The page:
• Measured scattering level is about 0.993, as shown, and, as shown in FIG. 10 the distribution width sigma ranges from 0.4 to 1.5 with Ra 180 having the maximum. A fitting correlation R2 values for all cases are above 0.95. Accordingly, the Ra 180 surface has found to have the best scattering ability, is closest to random scattering.
  • In view of variation of distribution width sigma shown in FIG. 10, this result could not be predicted on the basis of the roughness Ra value. That is, there is no predictable connection, or correlation, between Ra and scattering effectiveness.
  • FIG. 11 shows simulated comparison examples of the scattering analysis done on the lens 10 with and without (clear) a roughness of Ra 180 at 55° incident light angle. Defrosted (Lambertian) means the peripheral anterior area 24 and slope edge 28 are frosted with a uniform (Lambertian model) scattering surface finished with 0.9 scattering level and frosted (Gaussian) means the peripheral area of the IOL interior surface 24 and the IOL slope edge 28 are frosted with a non-uniform (Gaussian model) scattering surface with 0.9 scattering level at 1.4 half distribution sigma width.
  • The corresponding glare pattern average intensity and local contrast of the lenses is shown in Table 2
  • Table 2: The corresponding glare pattern average intensity and local contrast of cases in FIG. 11. Clariflex Clear Lambertian Gaussian Average Intensity 1.04 × 105 0.62 × 104 0.75 × 104 Local Contrast 0.88 0.02 0.08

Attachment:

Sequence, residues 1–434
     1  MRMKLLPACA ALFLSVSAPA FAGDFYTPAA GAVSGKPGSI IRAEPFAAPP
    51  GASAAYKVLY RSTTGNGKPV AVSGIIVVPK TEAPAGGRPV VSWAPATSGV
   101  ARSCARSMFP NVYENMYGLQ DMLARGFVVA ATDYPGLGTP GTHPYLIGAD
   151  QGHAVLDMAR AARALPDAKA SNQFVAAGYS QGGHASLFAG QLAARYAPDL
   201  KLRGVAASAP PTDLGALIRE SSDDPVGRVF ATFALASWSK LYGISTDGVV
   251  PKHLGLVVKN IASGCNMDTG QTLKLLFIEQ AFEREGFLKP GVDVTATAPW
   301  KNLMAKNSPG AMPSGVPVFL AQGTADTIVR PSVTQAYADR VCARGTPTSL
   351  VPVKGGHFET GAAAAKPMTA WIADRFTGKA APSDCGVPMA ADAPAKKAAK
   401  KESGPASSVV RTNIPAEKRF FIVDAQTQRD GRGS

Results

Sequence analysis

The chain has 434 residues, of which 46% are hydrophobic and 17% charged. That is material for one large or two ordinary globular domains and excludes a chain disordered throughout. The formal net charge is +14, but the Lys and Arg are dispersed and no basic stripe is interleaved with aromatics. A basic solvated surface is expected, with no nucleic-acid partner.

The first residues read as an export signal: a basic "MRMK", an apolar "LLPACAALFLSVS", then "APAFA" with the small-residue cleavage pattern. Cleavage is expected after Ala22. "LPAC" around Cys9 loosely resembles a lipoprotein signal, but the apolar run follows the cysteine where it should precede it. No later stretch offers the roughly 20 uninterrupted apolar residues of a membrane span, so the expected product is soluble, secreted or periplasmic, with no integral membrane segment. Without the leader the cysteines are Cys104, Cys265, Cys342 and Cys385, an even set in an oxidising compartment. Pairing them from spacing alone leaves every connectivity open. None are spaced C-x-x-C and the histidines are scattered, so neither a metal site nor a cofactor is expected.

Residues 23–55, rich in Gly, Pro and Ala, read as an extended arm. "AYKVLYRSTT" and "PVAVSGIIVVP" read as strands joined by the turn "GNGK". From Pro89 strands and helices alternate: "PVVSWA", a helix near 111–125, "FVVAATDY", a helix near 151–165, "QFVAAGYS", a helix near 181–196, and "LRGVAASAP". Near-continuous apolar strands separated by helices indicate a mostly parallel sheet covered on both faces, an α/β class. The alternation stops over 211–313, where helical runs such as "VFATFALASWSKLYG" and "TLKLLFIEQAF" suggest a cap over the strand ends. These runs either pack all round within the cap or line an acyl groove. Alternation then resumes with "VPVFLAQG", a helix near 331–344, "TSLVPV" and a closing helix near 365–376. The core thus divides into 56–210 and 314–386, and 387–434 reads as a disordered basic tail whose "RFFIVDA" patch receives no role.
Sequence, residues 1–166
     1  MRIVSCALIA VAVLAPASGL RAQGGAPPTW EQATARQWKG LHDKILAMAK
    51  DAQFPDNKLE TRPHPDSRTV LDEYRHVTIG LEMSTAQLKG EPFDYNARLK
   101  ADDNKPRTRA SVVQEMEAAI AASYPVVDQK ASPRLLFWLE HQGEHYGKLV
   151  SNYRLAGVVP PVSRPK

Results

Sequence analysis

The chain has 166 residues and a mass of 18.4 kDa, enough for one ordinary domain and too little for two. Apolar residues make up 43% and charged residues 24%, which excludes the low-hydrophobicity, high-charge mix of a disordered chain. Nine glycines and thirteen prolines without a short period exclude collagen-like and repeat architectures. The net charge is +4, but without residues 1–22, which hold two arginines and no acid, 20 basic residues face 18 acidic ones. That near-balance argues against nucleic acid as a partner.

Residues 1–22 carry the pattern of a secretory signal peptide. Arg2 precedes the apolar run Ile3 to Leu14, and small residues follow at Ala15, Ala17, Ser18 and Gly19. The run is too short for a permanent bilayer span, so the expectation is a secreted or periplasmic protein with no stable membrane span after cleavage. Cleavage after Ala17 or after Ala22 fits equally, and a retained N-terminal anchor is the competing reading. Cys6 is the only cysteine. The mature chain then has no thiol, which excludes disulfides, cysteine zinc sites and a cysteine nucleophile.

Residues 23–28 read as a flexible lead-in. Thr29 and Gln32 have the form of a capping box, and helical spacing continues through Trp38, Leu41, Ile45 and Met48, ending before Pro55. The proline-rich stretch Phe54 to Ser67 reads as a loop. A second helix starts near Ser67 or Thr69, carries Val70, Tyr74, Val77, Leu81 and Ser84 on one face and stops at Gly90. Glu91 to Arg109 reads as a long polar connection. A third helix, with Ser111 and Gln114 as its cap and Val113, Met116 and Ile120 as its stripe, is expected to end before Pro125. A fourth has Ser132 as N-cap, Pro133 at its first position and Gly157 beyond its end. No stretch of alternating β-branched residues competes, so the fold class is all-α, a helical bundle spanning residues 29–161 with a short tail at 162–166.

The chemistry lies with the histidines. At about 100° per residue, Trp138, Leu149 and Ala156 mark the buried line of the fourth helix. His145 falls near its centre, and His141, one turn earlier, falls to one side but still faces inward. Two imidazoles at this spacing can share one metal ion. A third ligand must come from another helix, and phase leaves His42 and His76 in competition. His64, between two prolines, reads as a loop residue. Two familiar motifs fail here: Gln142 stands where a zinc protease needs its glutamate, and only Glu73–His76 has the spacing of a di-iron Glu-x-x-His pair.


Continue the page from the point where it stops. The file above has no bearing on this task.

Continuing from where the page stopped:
• It should be apparent that the results for the frosted lenses as shown in FIG. 11 illustrate an almost a uniform contrast with no discernment of glare patterns as is evidenced with the clear lens.
  • Although there has been hereinabove described a specific glare reducing rough surfaces in accordance with the present invention for the purpose of illustrating the manner in which the invention may be used to advantage, it should be appreciated that the invention is not limited thereto. That is, the present invention may suitably comprise, consist of, or consist essentially of the recited elements. Further, the invention illustratively disclosed herein suitably may be practiced in the absence of any element which is not specifically disclosed herein. Accordingly, any and all modifications, variations or equivalent arrangements which may occur to those skilled in the art, should be considered to be within the scope of the present invention as defined in the appended claims.

Claims (48)

1. An intraocular lens for insertion into a capsular bag in order to focus incoming light toward a retina, the lens comprising:
a center lens portion for focusing incoming light toward the retina;
a surrounding lens portion for mounting the lens within the capsular bag; and
a surface roughness disposed on said surrounding lens portion for reducing glare due to non-focused light directed toward the retina from said intraocular lens, said surface roughness having a roughness level of between about Ra 45 and about Ra 350.